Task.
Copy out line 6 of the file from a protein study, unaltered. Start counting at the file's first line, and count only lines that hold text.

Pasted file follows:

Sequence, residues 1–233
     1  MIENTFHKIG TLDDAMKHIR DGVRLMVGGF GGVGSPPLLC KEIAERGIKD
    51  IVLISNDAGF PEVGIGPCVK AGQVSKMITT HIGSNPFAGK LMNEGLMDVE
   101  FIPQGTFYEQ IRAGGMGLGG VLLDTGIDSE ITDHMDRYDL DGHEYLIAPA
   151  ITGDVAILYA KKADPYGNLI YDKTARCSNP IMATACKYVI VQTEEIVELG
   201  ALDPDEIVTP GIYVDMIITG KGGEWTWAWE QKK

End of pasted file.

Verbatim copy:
   201  ALDPDEIVTP GIYVDMIITG KGGEWTWAWE QKK